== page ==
What are the issues in oiling or polishing the drone bores?
These issues always cause heated arguments, but are inherently related in that they both address roughness on the surface of the bore.
A rough bore acts like a filter to remove some of the harmonics of the sound. In general, smoother bores have more high frequency content in their harmonics. Polishing or oiling results in a smoother bore and increases the fraction of high frequencies coming out of the drone. Depending upon your point of view, this may or may not be a good thing!
A rough bore also presents more surface area for absorption of moisture from your breath into the wood. Oiling for minimizing moisture uptake is discussed here. Rough surfaces have more surface area and, therefore, take up moisture faster and potentially result in a more rapid build-up of stress. If the rate of moisture uptake is slowed sufficiently to allow equilibration of the moisture level between the wood on the inside and outside of the drone, the wood will not build up stress and will not crack. Once the wood is equilibrated to a humidified level and the drone is played regularly, the moisture level in the wood will not change and the drone will not split.
The roughness of the bore can be treated by either oiling or polishing. Oil or wax creates a water-resistant layer that slows the uptake of water into the wood, it also fills in the imperfections in the wood surface making the surface smoother. Polishing reduces the surface area available for absorption of moisture and thus keeps the rate low. Both techniques will reduce moisture uptake. Both approaches will alter the sound of the drones.
The advantage of commercial bore oil is that it is temporary. If you are treating an old set of pipes, a complete coating or layer of mineral oil over the entire bore surface will form a water-resistant layer which provides a reduced rate of moisture uptake to allow the drone to equilibrate its internal moisture content over several weeks so that the risk of moisture related stress cracking is reduced. The tone will be affected during this time period because the smaller imperfections in the surface will be filled in. However, if you stop oiling the drone after this critical period, the residual mineral oil will loose its its effect on bore smoothness after several weeks and the tone of the drone is unaffected. It's really the best of all worlds.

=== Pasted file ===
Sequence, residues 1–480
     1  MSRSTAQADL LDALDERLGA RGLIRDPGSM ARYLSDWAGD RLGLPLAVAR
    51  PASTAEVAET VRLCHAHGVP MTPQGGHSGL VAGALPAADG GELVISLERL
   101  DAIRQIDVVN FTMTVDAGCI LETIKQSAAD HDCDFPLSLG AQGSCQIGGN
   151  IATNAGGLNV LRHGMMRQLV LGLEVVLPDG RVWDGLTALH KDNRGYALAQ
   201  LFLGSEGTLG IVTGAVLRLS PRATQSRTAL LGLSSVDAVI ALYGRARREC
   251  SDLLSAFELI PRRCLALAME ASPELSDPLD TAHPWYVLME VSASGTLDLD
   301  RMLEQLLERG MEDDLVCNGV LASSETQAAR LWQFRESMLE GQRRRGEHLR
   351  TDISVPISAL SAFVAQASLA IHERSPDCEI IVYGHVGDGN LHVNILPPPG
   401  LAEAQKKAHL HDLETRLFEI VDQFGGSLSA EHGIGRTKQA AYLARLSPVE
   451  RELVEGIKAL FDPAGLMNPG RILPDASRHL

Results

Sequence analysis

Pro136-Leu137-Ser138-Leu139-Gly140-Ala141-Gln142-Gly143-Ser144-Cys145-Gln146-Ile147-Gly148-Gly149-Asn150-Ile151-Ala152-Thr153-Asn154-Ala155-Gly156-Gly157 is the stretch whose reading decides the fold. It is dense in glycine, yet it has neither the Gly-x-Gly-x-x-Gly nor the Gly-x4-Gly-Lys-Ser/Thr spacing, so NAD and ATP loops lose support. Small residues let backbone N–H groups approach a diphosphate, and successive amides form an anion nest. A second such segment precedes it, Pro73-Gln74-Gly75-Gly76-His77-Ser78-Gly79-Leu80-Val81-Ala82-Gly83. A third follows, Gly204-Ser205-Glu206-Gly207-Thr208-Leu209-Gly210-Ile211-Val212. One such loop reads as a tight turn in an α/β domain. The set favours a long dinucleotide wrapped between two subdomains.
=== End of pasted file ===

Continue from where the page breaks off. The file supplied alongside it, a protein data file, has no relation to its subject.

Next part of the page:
Polishing can be done commercially, or can be done at home. Be sure you want to permanently alter the tone of your drones. There is no way back. Many hobbyists suggest using #0000 steel wool on a rifle cleaning kit or equivalent. My current preference is to use wool yarn wrapped around a spring steel rod. (Yes, it's slow, but it's also coarse enough to do the job, while being soft enough to do no damage if you slip.) (Note: If you remove enough material to increase the diameter of the drone, you will raise its pitch and you'll have to compensate by sliding the drone top up higher on the peg. Even if you don't remove any significant amount of material, the "effective" diameter of the smoother bore will be increased over the original and your tuning will be affected requiring a higher drone position. )
If your bores are already very highly polished, there is probably very little surface area for moisture to absorb through and very little surface roughness to remove upper harmonics, so oiling or polishing would not have much effect. On the other hand, a rough, dry bore may be ripe for splitting, and oiling may cause a significant tonal change.
My advice would be that mineral oil won't hurt in the long run. I'd avoid any other treatment until you form an opinion regarding the sound of your pipes. If you like what you've heard with mineral oil, you can make it more permanent by waxing (which seems to last about a year) or you can mechanically polish your drones bores.
It would be irresponsible to not relay that there are anecdotal stories that oiling caused old drones to crack. However, I don't see any reason why oil should cause drones to crack and suspect that 1) insufficient oil coverage/penetration was provided followed by 2) uptake of moisture and 3) stress build-up inside the wood. Drones which are already cracked, but not humidified will reveal their cracks upon humidification. Humidification of the drone from a very dry state results in some expansion of the wood. Oiling cannot prevent an existing crack from opening up.
Other references include:
an excellent, independent description of the interaction of wood, oil and water
a study of cracking in oboes and clarinets using Thompson's Water seal
Copyright S.K. MacLeod 1996-2016